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Journal of Pathogens
Volume 2011 (2011), Article ID 947218, 9 pages
Research Article

Comparative Analyses of Exoproteinases Produced by Three Phytopathogenic Microorganisms

A.N. Bach Institute of Biochemistry, Russian Academy of Sciences, Leninsky Prospect 33-2, Moscow 119071, Russia

Received 29 June 2011; Revised 16 September 2011; Accepted 21 September 2011

Academic Editor: Fouad Daayf

Copyright © 2011 Tatiana A. Valueva et al. This is an open access article distributed under the Creative Commons Attribution License, which permits unrestricted use, distribution, and reproduction in any medium, provided the original work is properly cited.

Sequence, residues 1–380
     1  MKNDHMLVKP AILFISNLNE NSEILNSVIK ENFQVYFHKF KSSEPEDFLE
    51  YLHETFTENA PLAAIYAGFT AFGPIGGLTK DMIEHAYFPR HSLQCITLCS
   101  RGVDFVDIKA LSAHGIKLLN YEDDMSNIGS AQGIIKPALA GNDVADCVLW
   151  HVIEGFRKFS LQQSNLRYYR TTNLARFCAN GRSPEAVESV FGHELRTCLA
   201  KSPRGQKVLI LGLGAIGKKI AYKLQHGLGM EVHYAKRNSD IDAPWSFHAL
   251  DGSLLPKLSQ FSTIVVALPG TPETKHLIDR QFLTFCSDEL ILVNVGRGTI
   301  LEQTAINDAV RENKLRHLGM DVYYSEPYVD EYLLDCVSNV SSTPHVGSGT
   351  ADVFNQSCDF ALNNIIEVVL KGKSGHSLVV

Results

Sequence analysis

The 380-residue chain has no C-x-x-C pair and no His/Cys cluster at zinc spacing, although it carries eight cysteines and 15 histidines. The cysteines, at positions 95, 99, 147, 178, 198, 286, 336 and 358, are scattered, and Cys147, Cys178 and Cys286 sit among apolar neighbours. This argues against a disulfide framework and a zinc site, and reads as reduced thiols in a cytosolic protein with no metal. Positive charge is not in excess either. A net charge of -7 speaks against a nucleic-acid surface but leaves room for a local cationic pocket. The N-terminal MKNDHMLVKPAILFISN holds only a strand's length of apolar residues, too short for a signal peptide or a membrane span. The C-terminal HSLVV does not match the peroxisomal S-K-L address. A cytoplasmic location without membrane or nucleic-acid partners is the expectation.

Proteinases secreted by the oomycete Phytophthora infestans (Mont.) de Bary, Rhizoctonia solani, and Fusarium culmorum belonging to different families of fungi have been studied to determine if the exoenzyme secretion depends on the environmental conditions and the phylogenetic position of the pathogen. The substrate specificity of the extracellular proteinases of F. culmorum, R. solani, and P. infestans and their sensitivity to the action of synthetic and protein inhibitors suggest that they contain trypsin-like and subtilisin-like enzymes regardless of culture medium composition. The relation of trypsin-like and subtilisin-like enzymes is dependent on the culture medium composition, especially on the form of nitrogen nutrition, particularly in the case of the exoenzymes secreted by R. solani. Phylogenetic analyses have shown that the exoproteinase set of ascomycetes and oomycetes has more similarities than basidiomycetes although they are more distant relatives. Our data suggests that the multiple proteinases secreted by pathogenic fungi could play different roles in pathogenesis, increasing the adaptability and host range, or could have different functions in survival in various ecological habitats outside the host.